However, this big hit was followed by a colossal misfire. In my final report from Lebanon, in the spring of 1982, I sought at Washington’s request to answer a question very much on the minds of officials and others around the Beltway: Would Israel invade Lebanon?
I, too, had been thinking a lot about this question. Two things — or, in some senses, two assessments of mine — struck me as especially pertinent. First, Lebanese Shiites were clashing with Palestinian forces in southern Lebanon. Second, notwithstanding the conventional analysis and the representations of some of its leaders, the Lebanese Forces militia was unlikely to contribute meaningfully to an Israeli military campaign.
The Shiite uprising in the south was real. Years earlier, the armed Palestinian presence had been mostly welcomed by locals. Unlike the distant government in Beirut, the Palestinians demonstrated interest in building health clinics and the like. But the violent back-and-forth between Palestinians and Israelis had eventually alienated Lebanon’s southern Shiites from Yasser Arafat and his forces, who now had to contend with a popular uprising along with Israeli gunners, Israeli combat aircraft and the aforementioned Maj. Haddad. Why would Israel risk complicating such a welcome development?
Moreover, or so I assessed, the Lebanese Forces would not react to an Israeli invasion by helping the invaders fight Palestinians and Syrians. If anything, the militia would acquire influence at the expense of or settle scores with other Lebanese. Surely, I reasoned, the Israelis were as aware of their ally’s strategic priorities as I believed we were. At the very least, the Lebanese Forces had conflicting priorities or interests. If a key ally’s position might not have been a stand-alone deterrent to an Israeli invasion, surely it — combined with the uprising in southern Lebanon — would receive serious consideration in Jerusalem and Tel Aviv.
“No,” I concluded: Israel will not invade.
Back in Washington, my report made a big splash and was hailed as something of an analytical masterpiece. Then, in early June 1982, Israel’s ambassador in London was shot by Palestinian extremists and nearly killed. The invasion was launched. Sure enough, the Lebanese Forces, rather than coordinating with their Israeli allies, charged up into the Chouf Mountains to confront the Druze leader Walid Jumblatt, a longtime enemy. And Lebanon’s southern Shiites initially welcomed the invaders, a condition that would not endure for long. The implications of all this would prove disastrous over time. Within a year, the LAF, with the support of naval gunfire from the U.S. Navy’s battleship New Jersey, would be battling Jumblatt’s forces, inadvertently making targets of the U.S. Marine Corps peacekeepers operating out of a headquarters near Beirut’s airport. On the early morning of Oct. 23, 1983, the building housing those Marines would be lifted off its foundations and dropped to the ground by a truck bomber representing an extremist Shiite organization — one that would go on to adopt the name “Hezbollah” — operating at the behest of Iran.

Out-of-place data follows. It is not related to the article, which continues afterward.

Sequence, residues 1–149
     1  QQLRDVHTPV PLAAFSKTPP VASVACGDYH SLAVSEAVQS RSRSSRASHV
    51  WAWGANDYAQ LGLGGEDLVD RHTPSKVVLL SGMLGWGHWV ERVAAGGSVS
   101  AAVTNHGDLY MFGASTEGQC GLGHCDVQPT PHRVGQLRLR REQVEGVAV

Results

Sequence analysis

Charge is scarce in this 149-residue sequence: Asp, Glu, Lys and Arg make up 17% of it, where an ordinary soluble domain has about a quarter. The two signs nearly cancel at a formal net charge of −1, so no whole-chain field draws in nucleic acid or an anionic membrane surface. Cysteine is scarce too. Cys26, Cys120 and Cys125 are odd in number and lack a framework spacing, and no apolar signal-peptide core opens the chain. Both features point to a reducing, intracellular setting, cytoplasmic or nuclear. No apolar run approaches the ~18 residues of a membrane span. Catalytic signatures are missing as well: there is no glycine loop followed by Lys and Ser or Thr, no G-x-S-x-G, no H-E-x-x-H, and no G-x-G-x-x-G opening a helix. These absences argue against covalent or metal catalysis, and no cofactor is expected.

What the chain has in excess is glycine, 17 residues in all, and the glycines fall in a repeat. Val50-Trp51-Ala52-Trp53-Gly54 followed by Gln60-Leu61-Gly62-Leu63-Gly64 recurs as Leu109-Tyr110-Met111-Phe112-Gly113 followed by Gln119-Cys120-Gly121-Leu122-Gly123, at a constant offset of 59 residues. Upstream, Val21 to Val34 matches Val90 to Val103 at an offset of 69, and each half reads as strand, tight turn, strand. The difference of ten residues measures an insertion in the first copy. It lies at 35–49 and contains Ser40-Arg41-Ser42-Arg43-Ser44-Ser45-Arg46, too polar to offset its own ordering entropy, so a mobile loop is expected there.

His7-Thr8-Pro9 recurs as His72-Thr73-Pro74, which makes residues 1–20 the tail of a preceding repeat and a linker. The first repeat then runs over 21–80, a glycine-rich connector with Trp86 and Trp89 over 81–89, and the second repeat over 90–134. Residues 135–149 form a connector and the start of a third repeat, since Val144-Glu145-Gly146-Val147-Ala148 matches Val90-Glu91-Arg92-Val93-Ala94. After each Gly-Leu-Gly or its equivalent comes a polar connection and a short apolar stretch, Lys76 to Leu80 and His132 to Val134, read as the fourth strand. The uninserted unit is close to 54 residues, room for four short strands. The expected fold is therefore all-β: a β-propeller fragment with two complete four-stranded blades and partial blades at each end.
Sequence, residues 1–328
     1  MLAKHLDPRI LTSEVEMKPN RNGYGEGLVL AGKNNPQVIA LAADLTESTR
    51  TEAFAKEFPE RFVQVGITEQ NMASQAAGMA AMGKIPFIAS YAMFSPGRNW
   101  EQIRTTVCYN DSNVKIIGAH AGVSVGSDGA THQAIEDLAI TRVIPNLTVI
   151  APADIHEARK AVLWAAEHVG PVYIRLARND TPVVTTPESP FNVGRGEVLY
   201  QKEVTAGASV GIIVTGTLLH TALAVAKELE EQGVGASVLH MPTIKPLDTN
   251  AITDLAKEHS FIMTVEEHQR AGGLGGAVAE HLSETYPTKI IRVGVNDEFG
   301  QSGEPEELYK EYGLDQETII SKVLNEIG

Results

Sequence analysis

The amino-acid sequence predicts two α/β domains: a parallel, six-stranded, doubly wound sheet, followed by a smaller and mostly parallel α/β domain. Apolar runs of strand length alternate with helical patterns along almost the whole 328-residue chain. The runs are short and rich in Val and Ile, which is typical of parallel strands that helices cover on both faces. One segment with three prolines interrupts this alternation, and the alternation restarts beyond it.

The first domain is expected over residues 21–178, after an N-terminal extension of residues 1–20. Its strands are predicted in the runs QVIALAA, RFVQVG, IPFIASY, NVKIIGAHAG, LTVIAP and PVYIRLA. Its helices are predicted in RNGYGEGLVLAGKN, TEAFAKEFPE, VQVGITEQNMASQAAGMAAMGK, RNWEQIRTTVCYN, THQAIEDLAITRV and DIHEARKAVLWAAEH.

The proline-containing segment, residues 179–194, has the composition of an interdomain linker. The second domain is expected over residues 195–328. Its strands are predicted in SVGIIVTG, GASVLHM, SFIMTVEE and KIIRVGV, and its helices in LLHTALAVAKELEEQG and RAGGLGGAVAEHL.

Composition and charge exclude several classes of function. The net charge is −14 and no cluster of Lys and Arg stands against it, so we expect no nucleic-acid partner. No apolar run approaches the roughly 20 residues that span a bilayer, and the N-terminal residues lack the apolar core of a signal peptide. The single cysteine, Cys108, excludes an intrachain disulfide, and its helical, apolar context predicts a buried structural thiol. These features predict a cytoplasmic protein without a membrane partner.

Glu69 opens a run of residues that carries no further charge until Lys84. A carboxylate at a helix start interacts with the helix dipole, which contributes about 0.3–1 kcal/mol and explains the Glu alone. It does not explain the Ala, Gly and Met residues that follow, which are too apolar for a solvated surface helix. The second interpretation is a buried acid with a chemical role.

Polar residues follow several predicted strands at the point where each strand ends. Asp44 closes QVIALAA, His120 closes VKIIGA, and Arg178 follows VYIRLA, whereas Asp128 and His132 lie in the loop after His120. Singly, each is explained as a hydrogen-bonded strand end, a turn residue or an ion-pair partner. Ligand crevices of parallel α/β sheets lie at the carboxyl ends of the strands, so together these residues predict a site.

So recently the object of multidirectional praise, with the aforementioned “big hit,” my predictive or analytical abilities suddenly became the object of mocking humor after this big misfire. While much of it was good-natured, some was not. In time, I would wonder whether Israeli leaders would have behaved differently if they had read my report and considered the pluses and minuses of invasion more soberly. (Then again, some in Israel itself had warned against such an invasion.) Perhaps they might have come to the same conclusion I did and avoided (or delayed) a costly occupation of southern Lebanon that, among other things, would help give rise to Hezbollah and enable Iran’s penetration of the Levant.